The bankruptcy of solar panel manufacturer Solyndra last month has left many people wondering about the future of solar industry in the U.S. That turn of events didn't stop the U.S. Department of Energy from sponsoring its biennial Solar Decathlon this fall, during which college-age students designed and built houses powered by sunlight. Nineteen teams from around the world gathered from September 23 to October 2 to show off their solar-powered homes on the National Mall in Washington, D.C.

As in previous competitions, each dwelling was judged on 10 criteria, including comfort, market appeal and energy balance—the energy generated by each house versus how much it consumed. But this year, for the first time, the Solar Decathlon included affordability as one of its judging criteria.

"By initiating the affordability contest this year, we wanted to emphasize that many of the energy-efficient features in these amazing houses are within reach of many Americans," Richard King, director of the Solar Decathlon, said in a prepared statement.

In the past the lack of a spending limit made the Solar Decathlon more of a conceptual competition. Germany dominated the 2009 contest by plastering the entire outdoor surface of their building with expensive 11.1-kilowatt photovoltaic cells. The home generated twice as much energy as it consumed, but its cost of $650,000 to $850,000 made it impractical for most home owners.

This year's teams (which did not include Germany) were penalized if the cost of their abode exceeded $250,000. For comparison, in 2010 the average price (pdf) of a new home in the U.S. was $272,900; five of the competing teams built homes that were less expensive than this national average. The structures were compact, but several also achieved "net-zero"—they produced as much electricity as they used, helping potential homeowners to save on energy bills. For a team including students from the Stevens Institute of Technology in Hoboken, N.J., and The New School in New York City, affordability was the top priority right from the start. Their two-bedroom "Empowerhouse" [shown in the video below] was the least expensive home entered into the competition, ringing in at $229,890. The home's 4.2-kilowatt solar panels are small, in order to reduce up-front costs, but the team's faculty project manager, Chris Steffens, thinks the building will reach net-zero over the course of a year. Within the next few months, Empowerhouse will become a home for a family in Deanwood, a neighborhood in Washington, D.C., thanks to Habitat for Humanity International—an organization that provides housing for people in need. The nonprofit is adopting the design for its new units in the District of Columbia area.

A team including students from the California Institute of Technology and the Southern California Institute of Architecture (SCI-Arc) opted for eight-kilowatt solar panels, which brought the price of their house up to $263,000 and put them in third place for affordability. The larger arrays, however, meant that on a typical day, the building captures more energy than it uses—that extra power could potentially be pumped back into the grid at a profit. The SCI-Arc/Caltech house [described in the video below] tied for first place in the energy-balance contest, along with six other designs.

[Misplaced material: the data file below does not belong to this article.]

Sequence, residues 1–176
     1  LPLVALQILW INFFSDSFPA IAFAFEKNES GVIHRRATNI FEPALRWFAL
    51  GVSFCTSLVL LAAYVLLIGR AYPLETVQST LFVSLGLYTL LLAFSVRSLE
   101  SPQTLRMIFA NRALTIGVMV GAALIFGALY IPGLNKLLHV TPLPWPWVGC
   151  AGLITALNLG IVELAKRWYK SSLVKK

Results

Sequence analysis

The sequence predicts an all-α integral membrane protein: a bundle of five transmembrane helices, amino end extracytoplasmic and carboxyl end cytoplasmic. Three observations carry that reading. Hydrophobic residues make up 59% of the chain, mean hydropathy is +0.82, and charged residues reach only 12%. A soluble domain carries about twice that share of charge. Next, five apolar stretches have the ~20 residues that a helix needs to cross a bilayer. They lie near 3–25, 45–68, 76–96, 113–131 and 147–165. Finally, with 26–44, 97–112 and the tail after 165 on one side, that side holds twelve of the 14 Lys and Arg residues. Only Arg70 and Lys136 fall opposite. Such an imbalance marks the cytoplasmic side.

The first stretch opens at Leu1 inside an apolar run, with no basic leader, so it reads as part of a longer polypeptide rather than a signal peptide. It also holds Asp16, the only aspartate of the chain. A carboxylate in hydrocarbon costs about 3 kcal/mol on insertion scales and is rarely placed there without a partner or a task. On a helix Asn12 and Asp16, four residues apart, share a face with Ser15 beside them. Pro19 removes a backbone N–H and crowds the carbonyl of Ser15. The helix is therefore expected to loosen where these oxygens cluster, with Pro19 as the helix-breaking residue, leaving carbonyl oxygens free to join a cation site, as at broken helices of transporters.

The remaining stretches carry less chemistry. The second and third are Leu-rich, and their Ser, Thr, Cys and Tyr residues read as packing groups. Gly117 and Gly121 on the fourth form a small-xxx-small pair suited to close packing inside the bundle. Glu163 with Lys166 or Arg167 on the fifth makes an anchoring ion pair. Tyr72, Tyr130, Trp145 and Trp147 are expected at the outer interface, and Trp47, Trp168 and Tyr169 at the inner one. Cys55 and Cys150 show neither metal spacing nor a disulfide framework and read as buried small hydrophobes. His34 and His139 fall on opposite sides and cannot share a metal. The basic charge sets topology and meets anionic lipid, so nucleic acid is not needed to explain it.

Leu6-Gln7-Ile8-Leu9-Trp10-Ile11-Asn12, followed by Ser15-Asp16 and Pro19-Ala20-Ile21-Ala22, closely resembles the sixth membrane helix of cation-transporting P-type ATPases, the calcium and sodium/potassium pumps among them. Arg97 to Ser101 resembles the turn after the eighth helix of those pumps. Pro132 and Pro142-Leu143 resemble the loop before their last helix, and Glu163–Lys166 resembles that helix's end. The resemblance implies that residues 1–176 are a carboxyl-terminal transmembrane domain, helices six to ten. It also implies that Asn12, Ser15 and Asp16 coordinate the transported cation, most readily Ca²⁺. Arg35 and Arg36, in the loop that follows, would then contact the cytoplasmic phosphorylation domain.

Buying a home for $263,000 is still not feasible for a large percentage of Americans, but luckily it's becoming cheaper to retrofit already-existing structures with solar panels. Lawrence Berkeley National Laboratory recently released a study showing that the average cost for residential photovoltaic systems dropped to $6.20 per watt in 2010, down from $7.50 in 2009 and $11 in 1998. Prices are expected to continue falling as manufacturing costs decrease and financial incentives increase.

Whereas the Decathlon entries this year differed in their strategies to achieve energy independence on a budget, most of the teams emphasized that reducing consumption is an important part of making solar power affordable. Proper insulation, energy-efficient appliances and LED light bulbs can make a big difference, says Andrew Gong, a Caltech senior and lead electrical engineer for the SCI-Arc/Caltech team. "We can make all the solar panels we need, but it will be easier to achieve net-zero over the nation if we have that much less consumption."

The 19 dwellings featured at this fifth Decathlon make it tempting to agree with Elisabeth Neigert, project manager for the SCI-Arc/Caltech team, who does not see the failure of a solar company like Solyndra as a bad sign for the solar industry as a whole. "No one should be discouraged," she says, "about the possibilities and the importance of solar power, and the impacts it's going to have on daily life within the next decade."